University of South Florida

USF Health Leads the Charge to Strengthen Community Health by Focusing on Family Medicine

Family medicine, considered the oldest and broadest subspecialty of medicine, plays a critical role in maintaining community health and access to care. In fact, 90 percent of primary care doctors are family physicians, providing care of a wide range of ailments and conditions from newborns to seniors.

Eric Coris, MD

Eric Coris, MD, professor and chair of the Department of Family Medicine in the USF Health Morsani College of Medicine, said that family physicians significantly enhance overall health outcomes, particularly for patients from underserved populations.

Aspiring doctors echo this sentiment. Kirtan Patel, a fourth year Morsani College of Medicine student, emphasizes his commitment to the community: “Free clinic work is crucial. It provides a place for the underinsured and uninsured in the community to receive medical care.”

However, the United States – and especially a state like Florida — faces a severe shortage of primary care doctors, posing a serious healthcare challenge. The Association of American Medical Colleges estimates that the country will need an additional 55,000 primary care physicians over the next 10 years to keep up with demand.

To counteract this shortage, USF Health and Tampa General Hospital are joining forces to offer a Family Medicine residency position starting in July 2025. Dr. Coris underlined the necessity of these residency programs, saying, “These programs play a pivotal role in strengthening the health care infrastructure, nurturing a new generation of physicians and facilitating enhanced patient care.”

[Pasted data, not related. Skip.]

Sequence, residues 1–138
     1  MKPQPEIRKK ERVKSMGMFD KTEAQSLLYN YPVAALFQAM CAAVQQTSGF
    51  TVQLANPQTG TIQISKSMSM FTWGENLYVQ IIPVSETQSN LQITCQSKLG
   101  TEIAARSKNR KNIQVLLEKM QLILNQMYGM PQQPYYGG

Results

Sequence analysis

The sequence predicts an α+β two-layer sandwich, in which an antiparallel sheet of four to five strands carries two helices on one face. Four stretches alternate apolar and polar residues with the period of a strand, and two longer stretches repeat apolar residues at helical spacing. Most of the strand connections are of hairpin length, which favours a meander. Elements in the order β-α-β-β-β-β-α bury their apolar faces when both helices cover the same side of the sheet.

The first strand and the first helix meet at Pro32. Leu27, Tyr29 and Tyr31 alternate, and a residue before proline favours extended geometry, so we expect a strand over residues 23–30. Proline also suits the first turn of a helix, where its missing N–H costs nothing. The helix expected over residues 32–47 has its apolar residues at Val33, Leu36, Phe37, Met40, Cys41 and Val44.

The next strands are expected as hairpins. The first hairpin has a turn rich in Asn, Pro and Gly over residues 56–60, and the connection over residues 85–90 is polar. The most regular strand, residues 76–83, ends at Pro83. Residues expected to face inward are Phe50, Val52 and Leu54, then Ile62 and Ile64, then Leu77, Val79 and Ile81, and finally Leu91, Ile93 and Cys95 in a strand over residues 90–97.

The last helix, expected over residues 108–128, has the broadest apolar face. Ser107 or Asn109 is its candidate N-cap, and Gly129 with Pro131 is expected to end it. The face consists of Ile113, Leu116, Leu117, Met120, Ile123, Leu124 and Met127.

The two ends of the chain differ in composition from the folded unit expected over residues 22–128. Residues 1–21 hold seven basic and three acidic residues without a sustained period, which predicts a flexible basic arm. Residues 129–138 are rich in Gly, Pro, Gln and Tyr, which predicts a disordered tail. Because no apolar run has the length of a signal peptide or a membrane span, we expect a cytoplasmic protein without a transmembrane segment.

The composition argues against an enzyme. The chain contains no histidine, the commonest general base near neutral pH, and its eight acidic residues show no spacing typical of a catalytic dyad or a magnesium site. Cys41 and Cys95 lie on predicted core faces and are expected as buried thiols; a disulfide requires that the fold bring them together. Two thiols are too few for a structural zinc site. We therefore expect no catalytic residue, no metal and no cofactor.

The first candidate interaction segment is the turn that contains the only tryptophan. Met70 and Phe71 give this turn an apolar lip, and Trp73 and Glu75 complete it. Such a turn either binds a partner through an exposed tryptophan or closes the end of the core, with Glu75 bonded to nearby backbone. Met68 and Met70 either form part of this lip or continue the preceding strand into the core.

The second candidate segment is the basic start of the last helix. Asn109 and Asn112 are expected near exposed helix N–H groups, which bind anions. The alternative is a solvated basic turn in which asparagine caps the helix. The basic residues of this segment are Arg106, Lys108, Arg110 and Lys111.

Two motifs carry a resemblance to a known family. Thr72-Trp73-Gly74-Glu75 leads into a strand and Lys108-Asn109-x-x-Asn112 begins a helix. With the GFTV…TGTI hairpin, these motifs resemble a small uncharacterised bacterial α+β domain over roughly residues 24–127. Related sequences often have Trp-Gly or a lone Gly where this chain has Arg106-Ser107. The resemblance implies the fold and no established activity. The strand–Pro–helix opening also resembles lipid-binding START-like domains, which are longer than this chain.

Patel added, “Family Medicine is the specialty geared toward primary care and preventative care.”

Kirtan Patel studies recently at the USF Health Morsani College of Medicine in downtown Tampa.

Family medicine training includes care for pediatric patients, adults, and pregnant women. The field often attracts medical students and residents passionate about serving their communities, which is key in addressing healthcare disparities and enhancing community health.

“Making a difference in the community is a powerful feeling,” Patel said. “The more family medicine physicians we can train and graduate, the better for any community as a whole.”

The goal remains clear: cultivate family medicine physicians through effective residency programs, enhancing access to care and reducing healthcare disparities.

The family medicine residency program will be a key addition to the nation’s fastest-rising medical school in primary care over the past decade, as recognized by U.S. News & World Report Academic Insights.

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